21114 Players currently online!
Man vs. Machine - good luck!
Turn-based games at any time!
Vote for the best move to win!
Do you have what it takes?
Backgammon, Yatzy, and more!
Sharpen your tactical vision!
Get advice and game insights!
Learn from top players & pros!
View millions of master games!
Your virtual chess coach!
Perfect your opening moves!
Test your skills vs. computer!
Find the right private coach!
Can you solve it each day?
Bring it all together!
Beginners, start here!
Make friends & play team games!
News from the world of chess!
Search all Chess.com members!
Find local clubs & events!
Who's the best of your friends?
Read what members are saying!
I was looking at a post by Billium where he was asking what is the longest opening ever accomplished here on cess.com and someone made mention of the idea that his example was "clearly" into the middle game. So my question is what actually signals the end of the opening? I understand Billium's point that he's considering all of the moves with all of the variations as an opening is this correct thinking?
Its purely dependant of the opening in question. Generally when you come to a point where the position has a lot of playable ideas/plans without a well established main sequence of moves, you've entered the middlegame. This could happen as early as move ten or as late as thirty, but it all boils down to the opening chosen.
It's much like the question of whether knights or bishops are the better minor piece. The only correct answer is "it depends on the position".
For popular lines, as soon as you are out of book, you are in the middle game.
True, many "opening" lines have been analyzed well into the middlegame, which is possible when the reasonable moves on each side are limited or forced.
To me, the "middlegame" has begun once both sides have set their central pawn structure (or plan), completed their development of minor pieces and Queen, castled if they intend to, and deployed their Rooks whereever they intend for the initial stages. The position may well still be "in book," but it's a middlegame from then on.
well you can take something like this well know theory in the panov botvinnik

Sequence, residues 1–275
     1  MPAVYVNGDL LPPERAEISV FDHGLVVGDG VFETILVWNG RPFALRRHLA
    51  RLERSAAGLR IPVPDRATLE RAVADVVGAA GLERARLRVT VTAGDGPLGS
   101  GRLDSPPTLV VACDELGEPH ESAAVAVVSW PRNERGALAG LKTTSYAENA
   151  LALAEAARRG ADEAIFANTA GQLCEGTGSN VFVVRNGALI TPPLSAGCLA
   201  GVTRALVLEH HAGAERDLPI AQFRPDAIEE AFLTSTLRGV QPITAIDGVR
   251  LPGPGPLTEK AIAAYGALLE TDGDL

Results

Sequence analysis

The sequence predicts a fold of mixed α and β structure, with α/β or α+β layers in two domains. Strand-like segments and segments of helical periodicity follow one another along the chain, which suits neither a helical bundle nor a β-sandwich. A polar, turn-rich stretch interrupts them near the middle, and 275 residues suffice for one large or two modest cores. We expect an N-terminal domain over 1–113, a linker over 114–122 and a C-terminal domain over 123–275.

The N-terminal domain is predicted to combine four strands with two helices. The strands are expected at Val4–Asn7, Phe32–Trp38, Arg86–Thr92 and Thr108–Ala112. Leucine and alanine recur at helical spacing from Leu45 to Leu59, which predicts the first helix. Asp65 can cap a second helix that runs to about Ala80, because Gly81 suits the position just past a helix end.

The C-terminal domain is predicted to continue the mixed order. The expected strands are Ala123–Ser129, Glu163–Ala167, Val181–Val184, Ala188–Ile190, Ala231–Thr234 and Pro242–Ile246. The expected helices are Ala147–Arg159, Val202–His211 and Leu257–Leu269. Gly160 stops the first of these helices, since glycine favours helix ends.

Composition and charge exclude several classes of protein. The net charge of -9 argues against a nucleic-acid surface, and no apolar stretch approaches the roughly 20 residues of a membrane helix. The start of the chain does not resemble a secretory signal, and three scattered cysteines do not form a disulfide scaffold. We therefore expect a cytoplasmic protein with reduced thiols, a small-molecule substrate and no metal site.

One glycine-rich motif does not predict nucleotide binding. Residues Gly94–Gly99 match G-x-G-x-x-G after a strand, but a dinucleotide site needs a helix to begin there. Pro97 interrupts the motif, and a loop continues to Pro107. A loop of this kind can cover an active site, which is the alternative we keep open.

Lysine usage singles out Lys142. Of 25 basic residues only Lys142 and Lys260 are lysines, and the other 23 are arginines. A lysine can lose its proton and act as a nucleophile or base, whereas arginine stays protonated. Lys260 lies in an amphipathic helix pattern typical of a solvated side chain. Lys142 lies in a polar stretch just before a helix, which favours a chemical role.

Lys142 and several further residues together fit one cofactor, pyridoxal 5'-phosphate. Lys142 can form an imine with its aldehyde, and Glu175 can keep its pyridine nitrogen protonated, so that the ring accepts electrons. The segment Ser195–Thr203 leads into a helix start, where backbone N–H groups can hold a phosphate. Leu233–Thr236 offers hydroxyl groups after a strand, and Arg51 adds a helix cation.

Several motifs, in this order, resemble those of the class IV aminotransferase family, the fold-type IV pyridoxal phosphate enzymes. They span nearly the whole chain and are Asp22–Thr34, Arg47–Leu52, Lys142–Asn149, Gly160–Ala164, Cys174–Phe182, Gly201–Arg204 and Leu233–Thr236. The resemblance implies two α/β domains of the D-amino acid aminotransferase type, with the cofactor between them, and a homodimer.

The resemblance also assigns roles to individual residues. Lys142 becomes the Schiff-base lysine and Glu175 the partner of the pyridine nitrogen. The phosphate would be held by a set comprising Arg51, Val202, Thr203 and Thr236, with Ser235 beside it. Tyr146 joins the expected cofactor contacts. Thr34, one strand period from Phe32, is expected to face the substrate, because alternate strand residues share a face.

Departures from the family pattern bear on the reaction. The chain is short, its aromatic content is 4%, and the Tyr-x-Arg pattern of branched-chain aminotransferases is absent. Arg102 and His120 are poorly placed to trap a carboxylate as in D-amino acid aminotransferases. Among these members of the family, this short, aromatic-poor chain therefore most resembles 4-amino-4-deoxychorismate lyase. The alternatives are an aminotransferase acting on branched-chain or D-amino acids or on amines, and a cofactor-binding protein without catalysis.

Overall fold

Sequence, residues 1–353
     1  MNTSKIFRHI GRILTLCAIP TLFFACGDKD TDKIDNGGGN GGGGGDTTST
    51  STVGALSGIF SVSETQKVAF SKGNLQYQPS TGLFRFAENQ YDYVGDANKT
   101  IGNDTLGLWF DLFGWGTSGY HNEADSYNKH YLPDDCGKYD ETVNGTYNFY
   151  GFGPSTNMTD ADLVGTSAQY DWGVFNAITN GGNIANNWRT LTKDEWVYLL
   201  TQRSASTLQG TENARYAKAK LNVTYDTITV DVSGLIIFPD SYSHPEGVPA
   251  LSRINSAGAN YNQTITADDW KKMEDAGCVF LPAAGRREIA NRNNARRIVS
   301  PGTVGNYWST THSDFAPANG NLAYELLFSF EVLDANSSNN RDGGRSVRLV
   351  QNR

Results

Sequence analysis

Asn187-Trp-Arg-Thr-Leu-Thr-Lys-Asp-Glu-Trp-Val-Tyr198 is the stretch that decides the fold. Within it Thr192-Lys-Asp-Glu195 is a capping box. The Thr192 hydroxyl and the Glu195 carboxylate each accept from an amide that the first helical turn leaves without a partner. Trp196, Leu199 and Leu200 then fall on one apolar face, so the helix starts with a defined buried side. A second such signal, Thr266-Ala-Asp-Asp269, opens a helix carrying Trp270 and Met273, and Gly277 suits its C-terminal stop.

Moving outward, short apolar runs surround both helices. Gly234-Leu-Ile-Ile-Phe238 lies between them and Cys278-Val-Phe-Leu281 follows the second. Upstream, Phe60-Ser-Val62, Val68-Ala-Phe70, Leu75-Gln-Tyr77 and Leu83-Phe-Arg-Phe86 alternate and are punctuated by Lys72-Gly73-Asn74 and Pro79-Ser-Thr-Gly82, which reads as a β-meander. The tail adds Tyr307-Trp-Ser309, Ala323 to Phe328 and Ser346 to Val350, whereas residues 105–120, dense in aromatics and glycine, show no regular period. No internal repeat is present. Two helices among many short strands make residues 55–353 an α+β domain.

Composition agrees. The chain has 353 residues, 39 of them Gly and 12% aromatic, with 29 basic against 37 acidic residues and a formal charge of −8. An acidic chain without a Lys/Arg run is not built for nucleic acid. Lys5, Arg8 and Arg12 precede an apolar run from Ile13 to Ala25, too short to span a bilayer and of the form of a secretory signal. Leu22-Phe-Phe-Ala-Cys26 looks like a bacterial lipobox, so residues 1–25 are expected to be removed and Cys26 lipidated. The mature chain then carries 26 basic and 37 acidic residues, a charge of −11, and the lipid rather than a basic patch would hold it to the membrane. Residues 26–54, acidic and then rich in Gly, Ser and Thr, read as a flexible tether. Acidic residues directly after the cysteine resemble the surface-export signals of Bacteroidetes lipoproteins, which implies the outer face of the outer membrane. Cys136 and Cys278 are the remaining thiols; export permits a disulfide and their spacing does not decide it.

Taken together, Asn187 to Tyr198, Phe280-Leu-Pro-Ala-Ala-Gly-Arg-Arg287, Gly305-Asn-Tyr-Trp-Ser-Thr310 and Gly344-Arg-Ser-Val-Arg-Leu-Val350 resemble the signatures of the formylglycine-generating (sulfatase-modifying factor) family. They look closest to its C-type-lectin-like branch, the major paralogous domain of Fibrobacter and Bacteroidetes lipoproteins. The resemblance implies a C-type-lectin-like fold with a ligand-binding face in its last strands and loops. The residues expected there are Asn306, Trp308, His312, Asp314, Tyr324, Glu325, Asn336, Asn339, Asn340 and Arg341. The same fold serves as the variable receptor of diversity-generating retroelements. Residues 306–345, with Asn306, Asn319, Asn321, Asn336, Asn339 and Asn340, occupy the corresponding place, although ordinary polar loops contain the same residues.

I read in a book once that you have reached the middlegame once you start looking where best to deploy your rooks and I think that , in general, this is the best definition I have seen as to when the middlegame is entered and the opening finished. Ofcourse there is no hard and fast rule that wont have exceptions. You can be out of book and still be in the opening and still be in book and be in a middlegame. Many openings now are analyzed well into the middlegames of that particular opening.
Some (slightly contentious) definitions here.
Just listen for the chime.
State of Chess.com Show! Post your questions here
by P_or a few minutes ago
Auto-resign rule means I cant enjoy chess anymore
by Diakonia a few minutes ago
Top three most effective opening traps?
by Aliggator 3 minutes ago
Help! No matter what I do I get Out-Theoried
by Diakonia 3 minutes ago
Enter the Omega Reti Gambit
by mercury2411 6 minutes ago
longer/custom time controls in v3
by ScaccoLento 8 minutes ago
The most interesting game of chess was played here in chess.com !!!!
by MarcoBR444 8 minutes ago
by ethan1231 11 minutes ago
Can Karpov become world champion again?
by GMrisingJCLmember1 15 minutes ago
12/1/2015 - Kosolapov - Nezhmetdinov, Kazan 1936
by irontigran1 16 minutes ago
Why Join | Chess Topics |
Help & Support |
© 2015 Chess.com
• Chess - English
We are working hard to make Chess.com available in over 70 languages. Check back over the year as we develop the technology to add more, and we will try our best to notify you when your language is ready for translating!